Analysts and U.S. officials have said the offensive has made only limited advances, and that U.S. TOW antitank missiles being supplied to rebels by Saudi Arabia have played a major factor.

"It's not a slam dunk for the Russians, by any means," Patterson said. "I won't say they've bitten off more than they can chew but they are certainly going to have issues they're going to have to confront, not the least of which is the huge Islamic population inside Russia and on the borders."

Moscow has not announced any casualty figures, with the exception of the death of a serviceman on October 24 who officials said committed suicide.

Meantime, the Obama administration has been gradually increasing the scale of its involvement in Syria, sending ground-support aircraft known as A-10 Warthogs to southeastern Turkey's Incirlik air base and deploying around 50 special-operations troops to northern Syria to work alongside Kurdish forces against Islamic State militants there.

Last week, Pentagon officials said U.S. F-15C air-to-air combat jets would also would be deployed to Incirlik.

That suggests growing concern about possible confrontations between Russian and U.S.-led coalition aircraft.

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Russia Sends Missiles to Syria to Protect Its Jets
(Source: Voice of America; issued Nov 5, 2015)
The head of Russia's air force said Thursday the military has sent anti-aircraft missiles to Syria in order to protect the Russian planes that have been conducting airstrikes there since the end of September.

Col. Gen. Viktor Bondarev said in an interview with the Komsomolskaya Pravda newspaper that the Russian jets were at risk of being attacked or hijacked during their missions.

Russia's air campaign has come under scrutiny by others operating in the region, particularly the United States, which has been leading a coalition of countries bombing Islamic State militant targets for more than a year.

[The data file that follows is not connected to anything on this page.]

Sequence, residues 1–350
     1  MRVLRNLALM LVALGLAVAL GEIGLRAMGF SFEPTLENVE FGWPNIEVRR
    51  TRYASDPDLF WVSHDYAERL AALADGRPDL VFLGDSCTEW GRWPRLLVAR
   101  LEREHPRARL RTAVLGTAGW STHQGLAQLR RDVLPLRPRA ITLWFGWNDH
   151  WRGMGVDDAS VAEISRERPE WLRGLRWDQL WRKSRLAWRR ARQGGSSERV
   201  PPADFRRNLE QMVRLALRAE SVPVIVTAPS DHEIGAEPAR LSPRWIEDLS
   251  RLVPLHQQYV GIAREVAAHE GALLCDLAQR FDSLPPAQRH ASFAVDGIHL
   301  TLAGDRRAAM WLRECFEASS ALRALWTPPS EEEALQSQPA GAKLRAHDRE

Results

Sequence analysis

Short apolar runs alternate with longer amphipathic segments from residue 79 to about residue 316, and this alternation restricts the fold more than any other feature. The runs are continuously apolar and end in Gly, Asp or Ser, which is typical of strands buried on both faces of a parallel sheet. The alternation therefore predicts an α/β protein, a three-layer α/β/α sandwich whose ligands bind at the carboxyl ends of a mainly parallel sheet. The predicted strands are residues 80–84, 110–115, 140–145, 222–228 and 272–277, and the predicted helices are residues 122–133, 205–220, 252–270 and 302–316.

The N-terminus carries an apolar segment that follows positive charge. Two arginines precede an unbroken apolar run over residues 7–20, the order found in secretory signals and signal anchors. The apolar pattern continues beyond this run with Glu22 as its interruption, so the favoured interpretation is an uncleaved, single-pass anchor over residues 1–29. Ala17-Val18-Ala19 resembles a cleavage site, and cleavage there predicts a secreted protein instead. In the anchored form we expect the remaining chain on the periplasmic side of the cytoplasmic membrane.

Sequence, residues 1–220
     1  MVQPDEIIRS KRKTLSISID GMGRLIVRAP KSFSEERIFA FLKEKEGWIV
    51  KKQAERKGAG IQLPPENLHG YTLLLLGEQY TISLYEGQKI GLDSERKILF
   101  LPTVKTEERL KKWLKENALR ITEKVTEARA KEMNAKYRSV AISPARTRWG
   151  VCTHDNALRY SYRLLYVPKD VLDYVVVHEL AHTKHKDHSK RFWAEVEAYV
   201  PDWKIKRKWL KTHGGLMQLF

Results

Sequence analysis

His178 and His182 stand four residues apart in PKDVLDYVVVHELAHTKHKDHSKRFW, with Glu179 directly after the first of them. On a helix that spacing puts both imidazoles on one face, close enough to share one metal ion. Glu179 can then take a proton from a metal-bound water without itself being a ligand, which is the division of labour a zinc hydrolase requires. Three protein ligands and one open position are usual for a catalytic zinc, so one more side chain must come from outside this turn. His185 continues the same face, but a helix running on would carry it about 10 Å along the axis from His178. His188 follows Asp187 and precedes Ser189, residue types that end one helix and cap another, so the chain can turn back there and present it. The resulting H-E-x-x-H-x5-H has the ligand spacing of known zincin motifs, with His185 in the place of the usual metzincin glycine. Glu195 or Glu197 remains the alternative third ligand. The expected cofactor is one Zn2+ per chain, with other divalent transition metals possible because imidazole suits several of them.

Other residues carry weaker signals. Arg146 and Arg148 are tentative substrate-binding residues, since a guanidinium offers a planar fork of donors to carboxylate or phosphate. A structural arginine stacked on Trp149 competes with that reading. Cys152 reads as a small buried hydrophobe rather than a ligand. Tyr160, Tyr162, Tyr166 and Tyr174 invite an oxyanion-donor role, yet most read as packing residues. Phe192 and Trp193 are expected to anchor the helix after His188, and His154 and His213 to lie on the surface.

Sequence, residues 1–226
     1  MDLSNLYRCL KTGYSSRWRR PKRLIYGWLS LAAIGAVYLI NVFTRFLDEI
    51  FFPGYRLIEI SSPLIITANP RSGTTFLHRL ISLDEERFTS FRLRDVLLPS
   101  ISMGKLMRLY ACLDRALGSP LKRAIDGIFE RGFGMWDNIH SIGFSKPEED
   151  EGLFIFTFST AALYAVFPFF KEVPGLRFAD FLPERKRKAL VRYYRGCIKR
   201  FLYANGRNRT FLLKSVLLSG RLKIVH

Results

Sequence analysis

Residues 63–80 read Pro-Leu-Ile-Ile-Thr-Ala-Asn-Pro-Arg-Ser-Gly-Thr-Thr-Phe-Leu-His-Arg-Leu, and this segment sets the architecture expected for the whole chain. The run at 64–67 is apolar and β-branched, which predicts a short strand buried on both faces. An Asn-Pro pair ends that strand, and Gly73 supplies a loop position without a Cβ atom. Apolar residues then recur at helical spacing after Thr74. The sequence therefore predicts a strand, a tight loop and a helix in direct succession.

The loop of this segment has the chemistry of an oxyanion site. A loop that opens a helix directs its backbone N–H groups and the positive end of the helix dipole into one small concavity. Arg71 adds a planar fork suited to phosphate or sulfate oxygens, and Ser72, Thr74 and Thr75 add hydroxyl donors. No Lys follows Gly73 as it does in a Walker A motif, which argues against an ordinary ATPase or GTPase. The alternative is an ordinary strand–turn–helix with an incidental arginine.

Top U.S. diplomats said Wednesday that 85 to 90 percent of Russian airstrikes in Syria have hit moderate Syrian rebels and not the Islamic State group. Assistant Secretaries of State Anne Patterson and Victoria Nuland gave that assessment in testimony before the House Foreign Affairs Committee.

Separately, U.S. Defense Department spokesman Colonel Steve Warren told reporters that less than 10 percent of Russian airstrikes in Syria are targeting the Islamic State group. "And oh, by the way, a majority of their strikes have been using 'dumb' bombs... very unsophisticated," Warren said Wednesday.

Russian diplomats and military officials contend the air attacks are aimed at Islamic State extremists. But that claim is widely disputed by the U.S. and others who say the Russians have too often bombed Syrian opposition fighters who have no connection with, or allegiance to, the Islamic State militants.

During Wednesday's hearing, committee chairman Ed Royce said Russia is taking a "decisive role in shaping Syria's future, and not in a helpful way."

Nuland said Russia is paying a "steep price for its intervention to prop up" the government of Syrian President Bashar al-Assad. She noted that Russia is spending $2 million to $4 million a day to carry out its military efforts in Syria. "If Russia chooses this over the welfare of its own people, they could sustain this for some time," Nuland said.

Earlier Wednesday, Russian Foreign Minister Sergei Lavrov highlighted the need to decide which of the various opposition groups fighting in Syria should be a part of future peace talks and which should be considered terrorists.

Lavrov spoke at a news conference after meeting in Moscow with U.N. envoy for Syria Staffan de Mistura to discuss the process of finding a political solution to the conflict that has left more than 240,000 people dead since March 2011.